This pushed some cities to even consider banning Halloween altogether in hopes of saving residents from dealing with even more chaos. However, most communities came up with an ingenious way of redirecting that angsty teen behavior.
Neighbors started to band together and organize Halloween activities that would keep young people off of the streets. These events included trick-or-treating parties, costume parades, and the famous haunted house.
The idea of hosting haunted attractions had already picked up some steam in Europe– beginning with Marie Tussaud’s wax museum in the 1800s. But, the attractions had not yet hit America in such a widespread capacity until the Great Depression.
The efforts were small, low-budget, and non-profit– organized by residents and even hosted at their own homes. And they were an immediate hit among the kids.
So, as years passed, other organizations began to take notes. Haunted attractions became a great way to generate money for fundraisers and a fantastic outlet for budding entrepreneurs to turn a profit.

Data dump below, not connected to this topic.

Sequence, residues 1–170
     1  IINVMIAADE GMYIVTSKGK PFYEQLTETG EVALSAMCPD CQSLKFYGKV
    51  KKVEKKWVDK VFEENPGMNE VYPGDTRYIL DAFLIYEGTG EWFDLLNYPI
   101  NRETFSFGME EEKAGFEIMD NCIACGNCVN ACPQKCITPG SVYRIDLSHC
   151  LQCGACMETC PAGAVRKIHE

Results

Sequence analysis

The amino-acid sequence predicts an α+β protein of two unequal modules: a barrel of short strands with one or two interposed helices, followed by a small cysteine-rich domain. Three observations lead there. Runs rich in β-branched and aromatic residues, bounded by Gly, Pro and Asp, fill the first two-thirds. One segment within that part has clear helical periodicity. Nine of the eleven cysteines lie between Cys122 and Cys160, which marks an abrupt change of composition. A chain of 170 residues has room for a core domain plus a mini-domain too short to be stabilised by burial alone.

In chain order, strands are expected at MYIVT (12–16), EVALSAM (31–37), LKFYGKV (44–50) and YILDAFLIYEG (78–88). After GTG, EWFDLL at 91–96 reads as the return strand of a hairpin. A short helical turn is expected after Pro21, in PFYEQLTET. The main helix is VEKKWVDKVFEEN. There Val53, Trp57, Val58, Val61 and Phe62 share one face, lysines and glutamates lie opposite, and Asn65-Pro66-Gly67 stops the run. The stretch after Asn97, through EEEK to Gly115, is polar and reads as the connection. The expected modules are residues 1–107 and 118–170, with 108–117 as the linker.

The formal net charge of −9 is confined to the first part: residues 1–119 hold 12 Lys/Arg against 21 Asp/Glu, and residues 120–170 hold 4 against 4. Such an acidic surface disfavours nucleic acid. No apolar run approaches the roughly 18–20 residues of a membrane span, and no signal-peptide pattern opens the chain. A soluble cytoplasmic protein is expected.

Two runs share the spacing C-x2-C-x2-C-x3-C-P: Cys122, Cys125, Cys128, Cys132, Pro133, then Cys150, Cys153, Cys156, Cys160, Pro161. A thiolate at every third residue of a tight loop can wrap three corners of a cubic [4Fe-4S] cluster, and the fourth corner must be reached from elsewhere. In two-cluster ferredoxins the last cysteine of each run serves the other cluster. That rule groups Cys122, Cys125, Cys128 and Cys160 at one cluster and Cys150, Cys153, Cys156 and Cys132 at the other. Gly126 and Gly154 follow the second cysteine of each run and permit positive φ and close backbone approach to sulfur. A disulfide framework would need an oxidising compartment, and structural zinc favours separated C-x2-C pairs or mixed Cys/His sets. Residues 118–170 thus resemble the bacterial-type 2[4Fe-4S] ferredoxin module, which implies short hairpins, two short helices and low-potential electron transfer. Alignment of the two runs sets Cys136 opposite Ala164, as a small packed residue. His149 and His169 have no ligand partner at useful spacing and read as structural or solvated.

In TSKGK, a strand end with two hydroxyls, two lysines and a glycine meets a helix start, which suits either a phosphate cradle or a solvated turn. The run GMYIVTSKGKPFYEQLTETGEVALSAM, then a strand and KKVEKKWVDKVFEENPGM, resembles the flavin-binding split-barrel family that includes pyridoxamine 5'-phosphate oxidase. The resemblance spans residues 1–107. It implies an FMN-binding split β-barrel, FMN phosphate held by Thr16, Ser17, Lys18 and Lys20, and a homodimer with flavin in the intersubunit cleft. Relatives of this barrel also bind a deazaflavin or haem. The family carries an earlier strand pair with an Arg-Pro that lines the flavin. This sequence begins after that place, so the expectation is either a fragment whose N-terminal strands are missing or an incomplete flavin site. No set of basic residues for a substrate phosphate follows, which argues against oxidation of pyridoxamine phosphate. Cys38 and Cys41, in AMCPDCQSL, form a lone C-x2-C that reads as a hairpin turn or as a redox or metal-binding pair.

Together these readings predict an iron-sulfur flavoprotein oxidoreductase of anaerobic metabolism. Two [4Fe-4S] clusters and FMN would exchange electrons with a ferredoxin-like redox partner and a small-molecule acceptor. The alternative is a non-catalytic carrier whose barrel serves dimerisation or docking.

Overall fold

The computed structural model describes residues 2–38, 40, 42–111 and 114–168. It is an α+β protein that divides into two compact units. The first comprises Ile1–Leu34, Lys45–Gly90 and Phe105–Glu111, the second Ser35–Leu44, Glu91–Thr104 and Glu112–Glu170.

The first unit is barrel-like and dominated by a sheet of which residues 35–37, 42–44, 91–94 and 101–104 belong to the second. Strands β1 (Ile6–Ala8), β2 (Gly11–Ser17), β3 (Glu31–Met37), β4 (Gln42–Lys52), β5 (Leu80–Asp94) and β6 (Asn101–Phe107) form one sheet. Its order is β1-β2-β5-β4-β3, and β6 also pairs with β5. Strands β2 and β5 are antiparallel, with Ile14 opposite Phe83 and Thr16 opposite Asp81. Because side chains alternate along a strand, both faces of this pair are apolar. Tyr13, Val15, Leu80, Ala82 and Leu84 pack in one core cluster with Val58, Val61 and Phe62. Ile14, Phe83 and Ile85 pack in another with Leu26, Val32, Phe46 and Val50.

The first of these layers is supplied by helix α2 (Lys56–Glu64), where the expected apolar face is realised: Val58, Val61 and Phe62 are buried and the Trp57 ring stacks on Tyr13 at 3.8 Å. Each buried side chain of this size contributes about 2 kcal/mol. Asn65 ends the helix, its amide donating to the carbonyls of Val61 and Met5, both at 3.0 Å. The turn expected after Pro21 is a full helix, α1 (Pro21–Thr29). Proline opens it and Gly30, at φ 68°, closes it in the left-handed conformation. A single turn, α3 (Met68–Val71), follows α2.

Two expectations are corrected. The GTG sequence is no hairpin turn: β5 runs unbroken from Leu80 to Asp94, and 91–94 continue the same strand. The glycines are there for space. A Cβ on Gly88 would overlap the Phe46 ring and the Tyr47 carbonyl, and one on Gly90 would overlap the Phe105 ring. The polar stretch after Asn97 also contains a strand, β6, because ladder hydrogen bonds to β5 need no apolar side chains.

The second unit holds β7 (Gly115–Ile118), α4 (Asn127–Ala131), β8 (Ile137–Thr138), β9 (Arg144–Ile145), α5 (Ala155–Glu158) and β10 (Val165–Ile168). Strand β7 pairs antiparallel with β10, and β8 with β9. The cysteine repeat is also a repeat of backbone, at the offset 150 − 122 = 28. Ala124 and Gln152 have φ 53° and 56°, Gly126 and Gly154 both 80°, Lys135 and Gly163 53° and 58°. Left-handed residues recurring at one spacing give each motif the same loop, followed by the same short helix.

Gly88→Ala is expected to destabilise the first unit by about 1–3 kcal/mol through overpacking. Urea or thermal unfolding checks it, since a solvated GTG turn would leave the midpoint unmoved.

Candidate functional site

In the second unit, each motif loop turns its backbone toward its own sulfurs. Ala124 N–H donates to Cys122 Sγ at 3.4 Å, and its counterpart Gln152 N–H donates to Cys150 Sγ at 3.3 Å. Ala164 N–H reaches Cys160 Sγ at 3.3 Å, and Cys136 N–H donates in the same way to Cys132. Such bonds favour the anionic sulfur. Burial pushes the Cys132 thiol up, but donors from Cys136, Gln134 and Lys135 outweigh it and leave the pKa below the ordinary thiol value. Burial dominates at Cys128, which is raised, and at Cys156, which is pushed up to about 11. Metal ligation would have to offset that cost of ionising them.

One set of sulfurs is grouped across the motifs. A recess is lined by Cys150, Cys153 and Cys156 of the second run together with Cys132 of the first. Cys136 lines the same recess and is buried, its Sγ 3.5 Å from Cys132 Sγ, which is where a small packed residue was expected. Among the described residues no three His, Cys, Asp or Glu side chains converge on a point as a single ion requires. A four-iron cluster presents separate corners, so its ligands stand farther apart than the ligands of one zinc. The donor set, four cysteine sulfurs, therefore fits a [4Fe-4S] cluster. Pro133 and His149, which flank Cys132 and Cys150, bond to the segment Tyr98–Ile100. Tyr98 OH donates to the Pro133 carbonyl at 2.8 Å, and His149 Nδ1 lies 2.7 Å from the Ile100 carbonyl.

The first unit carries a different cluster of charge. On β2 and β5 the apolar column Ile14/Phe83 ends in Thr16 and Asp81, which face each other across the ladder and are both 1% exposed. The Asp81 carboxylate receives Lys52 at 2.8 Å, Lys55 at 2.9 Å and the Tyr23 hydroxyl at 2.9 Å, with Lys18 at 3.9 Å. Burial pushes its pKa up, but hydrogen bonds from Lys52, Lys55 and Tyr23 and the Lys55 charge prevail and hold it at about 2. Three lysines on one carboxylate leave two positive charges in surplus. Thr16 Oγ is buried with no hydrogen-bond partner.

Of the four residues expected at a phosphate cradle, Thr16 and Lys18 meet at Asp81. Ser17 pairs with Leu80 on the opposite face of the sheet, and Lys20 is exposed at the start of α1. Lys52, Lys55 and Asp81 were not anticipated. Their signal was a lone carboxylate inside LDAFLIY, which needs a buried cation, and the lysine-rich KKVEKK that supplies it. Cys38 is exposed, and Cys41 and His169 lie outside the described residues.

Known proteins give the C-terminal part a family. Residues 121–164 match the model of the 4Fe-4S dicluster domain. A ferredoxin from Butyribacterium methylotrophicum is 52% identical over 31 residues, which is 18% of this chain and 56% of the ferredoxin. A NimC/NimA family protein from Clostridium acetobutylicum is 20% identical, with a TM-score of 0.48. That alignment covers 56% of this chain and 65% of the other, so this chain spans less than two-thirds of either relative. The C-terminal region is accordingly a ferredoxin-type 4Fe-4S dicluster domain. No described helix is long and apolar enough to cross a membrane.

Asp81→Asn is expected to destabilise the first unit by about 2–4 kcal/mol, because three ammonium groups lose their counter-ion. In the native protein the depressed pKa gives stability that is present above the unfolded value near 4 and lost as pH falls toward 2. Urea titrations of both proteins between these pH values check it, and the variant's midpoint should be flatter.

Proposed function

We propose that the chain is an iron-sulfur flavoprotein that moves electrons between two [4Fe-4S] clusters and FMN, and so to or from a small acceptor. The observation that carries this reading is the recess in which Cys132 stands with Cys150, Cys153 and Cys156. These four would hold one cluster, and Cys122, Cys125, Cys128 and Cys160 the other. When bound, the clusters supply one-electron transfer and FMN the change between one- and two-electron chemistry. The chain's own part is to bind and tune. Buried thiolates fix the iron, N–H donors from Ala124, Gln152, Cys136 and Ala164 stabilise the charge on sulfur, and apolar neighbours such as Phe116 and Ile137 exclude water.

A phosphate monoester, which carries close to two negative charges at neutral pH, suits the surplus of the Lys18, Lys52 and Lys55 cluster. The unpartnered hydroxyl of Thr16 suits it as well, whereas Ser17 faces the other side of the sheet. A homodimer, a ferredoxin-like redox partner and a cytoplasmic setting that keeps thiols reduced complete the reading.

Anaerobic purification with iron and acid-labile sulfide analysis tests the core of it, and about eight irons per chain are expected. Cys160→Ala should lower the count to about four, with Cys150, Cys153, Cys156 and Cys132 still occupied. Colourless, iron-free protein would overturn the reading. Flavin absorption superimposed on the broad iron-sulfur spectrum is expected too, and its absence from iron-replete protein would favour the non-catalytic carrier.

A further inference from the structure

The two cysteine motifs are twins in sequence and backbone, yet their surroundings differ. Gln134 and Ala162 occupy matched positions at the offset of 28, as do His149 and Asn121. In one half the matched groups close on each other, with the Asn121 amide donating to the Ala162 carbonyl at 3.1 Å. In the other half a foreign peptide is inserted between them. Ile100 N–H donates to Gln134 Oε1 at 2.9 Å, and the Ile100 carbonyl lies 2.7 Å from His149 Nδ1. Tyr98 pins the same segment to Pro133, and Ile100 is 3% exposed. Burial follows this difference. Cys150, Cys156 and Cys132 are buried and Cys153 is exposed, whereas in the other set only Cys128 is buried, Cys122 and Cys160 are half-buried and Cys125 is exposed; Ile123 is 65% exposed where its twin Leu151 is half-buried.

And ever since then, haunted houses have become a staple characteristic of the holiday. In fact, according to American Haunts, there are over one thousand and two hundred haunted attractions in the United States that currently charge admission fees.
These attractions now have much larger budgets and offer more elaborate immersive experiences year after year– drawing in locals and tourists alike.
But, just like during the Great Depression, parents still put on smaller haunts for neighborhood children and teens– keeping the original tradition alive.
If true crime defines your free time, this is for you: join Chip Chick’s True Crime Tribe